Bad Girls Throughout History: 100 Remarkable Women Who Changed the World - Ann Shen (2016)
Many consider Maya Angelou (1928-2014) a U.S. national treasure. A writer, activist, filmmaker, actor, and lecturer well into her eighties, Angelou transcended her humble upbringing in deeply racist Arkansas to create a vast body of work that helped to change the landscape of American culture. After a traumatic childhood event that she would later chronicle in her game-changing memoir, I Know Why the Caged Bird Sings, Angelou became extraordinarily gifted in arts and literature and earned a scholarship to a San Francisco high school. As a teen, she became the first African-American female cable car conductor in San Francisco. She became a mom at sixteen and married a Greek aspiring musician, flouting the existing laws forbidding interracial marriage. Angelou studied dance with legendary choreographer Alvin Ailey and became a staple on the calypso music and dance scene as a performer. She also toured Europe with a production of the opera Porgy and Bess.
After meeting novelist John Oliver Killens in 1959, she joined the Harlem Writers Guild and published her first written work. She became a civil rights activist and worked alongside Martin Luther King, Jr., and Malcolm X. Angelou would go on to write thirty-six books, earning the honor of both being on the banned books list and holding the record for the longest-running nonfiction book on the New York Times’ bestseller list.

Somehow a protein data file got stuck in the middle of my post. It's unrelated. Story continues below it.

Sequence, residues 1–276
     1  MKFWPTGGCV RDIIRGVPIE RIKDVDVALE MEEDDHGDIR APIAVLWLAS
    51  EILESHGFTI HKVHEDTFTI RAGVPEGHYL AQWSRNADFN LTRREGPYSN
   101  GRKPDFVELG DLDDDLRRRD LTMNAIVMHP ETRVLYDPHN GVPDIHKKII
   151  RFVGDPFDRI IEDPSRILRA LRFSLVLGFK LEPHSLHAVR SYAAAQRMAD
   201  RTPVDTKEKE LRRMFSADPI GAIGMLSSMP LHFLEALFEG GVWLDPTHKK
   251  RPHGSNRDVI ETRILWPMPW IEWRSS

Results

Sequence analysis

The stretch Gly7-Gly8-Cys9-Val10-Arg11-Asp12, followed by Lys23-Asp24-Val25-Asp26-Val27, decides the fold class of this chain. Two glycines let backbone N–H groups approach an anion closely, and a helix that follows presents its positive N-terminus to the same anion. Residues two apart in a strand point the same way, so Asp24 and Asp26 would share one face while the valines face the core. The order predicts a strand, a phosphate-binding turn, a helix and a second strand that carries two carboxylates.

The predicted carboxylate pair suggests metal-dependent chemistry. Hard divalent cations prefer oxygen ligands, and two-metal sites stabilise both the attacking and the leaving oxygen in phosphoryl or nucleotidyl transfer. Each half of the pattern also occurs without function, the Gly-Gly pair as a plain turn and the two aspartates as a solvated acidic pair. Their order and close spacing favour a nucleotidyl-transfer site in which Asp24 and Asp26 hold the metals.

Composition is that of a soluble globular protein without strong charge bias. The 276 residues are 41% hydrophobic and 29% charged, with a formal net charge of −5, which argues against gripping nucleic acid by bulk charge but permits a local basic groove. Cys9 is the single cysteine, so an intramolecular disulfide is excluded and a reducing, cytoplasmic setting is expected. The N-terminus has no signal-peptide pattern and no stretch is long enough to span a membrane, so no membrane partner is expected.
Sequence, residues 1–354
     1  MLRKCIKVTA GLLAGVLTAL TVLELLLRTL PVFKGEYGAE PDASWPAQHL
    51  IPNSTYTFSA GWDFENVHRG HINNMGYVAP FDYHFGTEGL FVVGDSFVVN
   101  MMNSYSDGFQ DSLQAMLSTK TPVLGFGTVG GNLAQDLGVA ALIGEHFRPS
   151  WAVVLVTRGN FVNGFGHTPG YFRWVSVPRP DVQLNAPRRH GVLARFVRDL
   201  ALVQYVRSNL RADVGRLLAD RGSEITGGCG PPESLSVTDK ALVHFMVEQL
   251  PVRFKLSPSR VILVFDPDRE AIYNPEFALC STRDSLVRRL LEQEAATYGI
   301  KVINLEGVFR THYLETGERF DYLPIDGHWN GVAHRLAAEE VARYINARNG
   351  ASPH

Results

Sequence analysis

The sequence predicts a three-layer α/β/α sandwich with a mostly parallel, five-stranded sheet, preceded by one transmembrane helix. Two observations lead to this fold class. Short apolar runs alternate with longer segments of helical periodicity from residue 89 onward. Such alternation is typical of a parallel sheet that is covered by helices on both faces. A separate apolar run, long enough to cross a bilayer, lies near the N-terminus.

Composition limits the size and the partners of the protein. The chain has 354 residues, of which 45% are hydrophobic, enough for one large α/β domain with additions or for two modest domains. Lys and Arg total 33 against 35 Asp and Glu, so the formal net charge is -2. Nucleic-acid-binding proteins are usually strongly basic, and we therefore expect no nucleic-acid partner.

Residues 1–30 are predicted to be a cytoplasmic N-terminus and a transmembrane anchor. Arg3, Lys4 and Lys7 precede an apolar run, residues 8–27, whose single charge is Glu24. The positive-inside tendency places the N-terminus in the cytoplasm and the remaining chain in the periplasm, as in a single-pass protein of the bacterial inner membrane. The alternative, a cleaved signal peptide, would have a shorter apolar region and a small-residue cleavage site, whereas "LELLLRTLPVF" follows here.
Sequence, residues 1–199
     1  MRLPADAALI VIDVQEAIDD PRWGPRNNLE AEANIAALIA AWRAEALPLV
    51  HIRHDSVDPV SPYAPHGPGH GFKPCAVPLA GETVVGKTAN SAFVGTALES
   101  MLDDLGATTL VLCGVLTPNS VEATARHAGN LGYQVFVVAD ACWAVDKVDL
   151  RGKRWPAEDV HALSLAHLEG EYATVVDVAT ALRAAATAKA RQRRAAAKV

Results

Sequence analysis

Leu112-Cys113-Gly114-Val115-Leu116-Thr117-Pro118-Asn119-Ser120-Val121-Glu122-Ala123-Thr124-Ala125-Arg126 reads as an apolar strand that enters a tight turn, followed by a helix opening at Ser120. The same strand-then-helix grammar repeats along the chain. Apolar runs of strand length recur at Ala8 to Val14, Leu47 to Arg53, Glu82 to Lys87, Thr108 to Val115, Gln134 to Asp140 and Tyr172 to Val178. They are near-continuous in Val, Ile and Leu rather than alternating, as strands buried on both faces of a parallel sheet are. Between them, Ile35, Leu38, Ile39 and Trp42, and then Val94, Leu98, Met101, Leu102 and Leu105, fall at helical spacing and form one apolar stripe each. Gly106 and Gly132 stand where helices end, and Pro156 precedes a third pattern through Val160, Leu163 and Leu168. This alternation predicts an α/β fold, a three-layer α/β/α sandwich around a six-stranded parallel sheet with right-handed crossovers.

In addition to roles in producing, writing, and directing film and television, Angelou became the first African-American woman to pen a screenplay that was actually made into a film, the Pulitzer Prize-nominated Georgia, Georgia. She won three Grammys for her spoken word albums, served on two presidential committees, and became the first female poet to compose and recite a poem for a presidential inauguration (President Bill Clinton’s in 1993). Showered with accolades at the end of her life, Angelou was awarded the Presidential Medal of Freedom, the highest civilian honor, by President Barack Obama in 2010. Angelou was fittingly recognized in her lifetime for her work that opened America’s hearts and minds.